The early download glitch users encountered in grabbing iOS 9 this week was not due to an overload on Apple's content delivery network (CDN), an expert said today.
"It was definitely not a capacity issue," said Dan Rayburn, an analyst with Frost & Sullivan who also writes on his own StreamingMediaBlog.com about CDN issues. "It was clearly a software or install issue."
Rayburn was referring to the first hour of iOS 9 availability on Wednesday, when users -- including several Computerworld staffers -- were unable to download the 1GB upgrade and were presented with a "Software Update Failed, An error occurred when downloading iOS 9" message.
Rayburn based his conclusion on data provided by and conversations with numerous ISPs (Internet service providers), and caching and CDN vendors. He declined to name those sources, with the exception of caching provider PeerApp, whom he cited in a blog post earlier Friday.
"It was business as usual," Rayburn said of the iOS 9 roll-out, which he noted was not the first time Apple has deployed a mobile operating system upgrade and dealt with the have-to-have-it-now eagerness of customers who want the newest version ASAP.
Newton, Mass.-based PeerApp, said Rayburn, saw traffic from apple.com spike at around 13Gbps (gigabits-per-second) around 10 a.m. PT on Wednesday, when Apple released iOS 9. Nearly 80% of that traffic was being delivered though ProApp's caching network, preventing the 70 ISP and university clients' networks from being overloaded.
Rayburn said he did not have enough data to compare the total amount of traffic generated by the roll-out of iOS 9 with earlier upgrades. But he was adamant that none of the ISPs, caching providers or CDN vendors he spoke with had exceeded their capacity to deliver the new OS to users.
As it has before, Apple relied on its own CDN as well as third-party providers to get the bits to customers.
Several years ago, Apple began assembling its own CDN -- a network of data centers, including those it operates as well as servers at others' centers -- to have more control over the content it digitally ships over the Internet. Apple's CDN became operational in 2014, said Rayburn.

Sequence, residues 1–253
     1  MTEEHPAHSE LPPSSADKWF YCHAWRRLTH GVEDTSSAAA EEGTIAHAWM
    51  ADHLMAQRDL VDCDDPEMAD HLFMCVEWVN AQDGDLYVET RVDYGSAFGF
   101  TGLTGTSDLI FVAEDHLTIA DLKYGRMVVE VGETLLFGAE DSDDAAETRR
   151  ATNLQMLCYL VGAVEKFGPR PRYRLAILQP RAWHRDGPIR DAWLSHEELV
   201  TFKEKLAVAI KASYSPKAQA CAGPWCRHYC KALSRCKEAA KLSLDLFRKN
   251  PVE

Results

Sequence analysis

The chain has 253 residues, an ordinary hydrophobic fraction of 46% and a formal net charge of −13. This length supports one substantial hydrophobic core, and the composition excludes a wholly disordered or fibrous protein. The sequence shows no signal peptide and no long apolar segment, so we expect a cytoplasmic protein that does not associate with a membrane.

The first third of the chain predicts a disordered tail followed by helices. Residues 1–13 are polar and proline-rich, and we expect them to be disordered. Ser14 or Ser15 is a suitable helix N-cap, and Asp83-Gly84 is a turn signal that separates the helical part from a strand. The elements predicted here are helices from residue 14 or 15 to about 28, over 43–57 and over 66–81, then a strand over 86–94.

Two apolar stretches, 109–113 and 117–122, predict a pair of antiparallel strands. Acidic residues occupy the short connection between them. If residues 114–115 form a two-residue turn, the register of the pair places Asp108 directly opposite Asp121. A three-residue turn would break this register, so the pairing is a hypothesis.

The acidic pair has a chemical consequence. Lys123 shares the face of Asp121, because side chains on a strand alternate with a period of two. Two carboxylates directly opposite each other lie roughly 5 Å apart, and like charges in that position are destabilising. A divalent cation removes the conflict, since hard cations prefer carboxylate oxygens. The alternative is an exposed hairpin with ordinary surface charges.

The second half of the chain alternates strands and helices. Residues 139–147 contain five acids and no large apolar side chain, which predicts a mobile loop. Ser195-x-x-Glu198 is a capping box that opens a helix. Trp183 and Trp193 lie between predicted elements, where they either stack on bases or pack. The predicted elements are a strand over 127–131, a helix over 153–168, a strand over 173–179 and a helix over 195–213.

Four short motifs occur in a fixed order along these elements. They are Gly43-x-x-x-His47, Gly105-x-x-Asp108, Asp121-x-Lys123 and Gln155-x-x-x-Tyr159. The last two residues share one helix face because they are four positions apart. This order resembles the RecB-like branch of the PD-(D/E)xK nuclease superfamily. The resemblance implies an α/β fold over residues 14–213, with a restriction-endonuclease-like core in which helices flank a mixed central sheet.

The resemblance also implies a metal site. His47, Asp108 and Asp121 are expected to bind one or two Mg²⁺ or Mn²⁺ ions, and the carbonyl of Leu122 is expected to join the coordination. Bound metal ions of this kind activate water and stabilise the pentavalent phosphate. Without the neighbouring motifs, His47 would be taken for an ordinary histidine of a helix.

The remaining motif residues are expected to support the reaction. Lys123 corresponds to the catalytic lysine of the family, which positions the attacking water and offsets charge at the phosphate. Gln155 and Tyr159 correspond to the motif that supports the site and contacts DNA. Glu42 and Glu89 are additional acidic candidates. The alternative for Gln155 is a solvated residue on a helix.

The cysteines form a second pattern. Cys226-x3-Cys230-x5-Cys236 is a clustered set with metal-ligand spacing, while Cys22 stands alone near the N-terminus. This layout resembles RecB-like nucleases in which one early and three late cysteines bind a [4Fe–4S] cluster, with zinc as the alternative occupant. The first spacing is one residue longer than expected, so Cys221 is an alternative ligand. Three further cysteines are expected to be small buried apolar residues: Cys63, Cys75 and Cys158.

"Apple uses multiple data centers where they put their servers," Rayburn said, referring to both Cupertino's own as well as third-party data centers.
Along with the data centers, Apple has also rented capacity on a long-term basis from major ISPs and Internet transit providers so it can get its content, including OS upgrades, to users without the overloads that stymie downloads. The agreements, said Rayburn, let Apple expand and contract capacity as needed.
"In conversations I've had with some ISPs in the U.S., iOS 9 downloads have been accounting for anywhere between 8% and 15% of traffic inside their networks," Rayburn wrote on his blog today.
That range was within the usual for an iOS launch, although slightly more on the high end than in the past, Rayburn elaborated today in an interview.
One advantage Apple has over others in delivering large quantities of data to customers is that it regularly faces spikes like the iOS 9 roll-out, and thus has statistics it can review to forecast demand. "Apple knows their traffic patterns very well," said Rayburn, including peak demand times, the geographic distribution of its iOS device owners, and which ISPs are most used.
"There have been no capacity issues with iOS 9," said Rayburn. "I haven't heard a single problem [from ISPs and CDNs] about capacity."
As of noon PT, iOS 9's share of all iOS editions had reached 22.3%, virtually the same as iOS 8 at its 50-hour mark, according to data from analytics vendor Mixpanel. iOS 9 has almost doubled its share in the past 24 hours.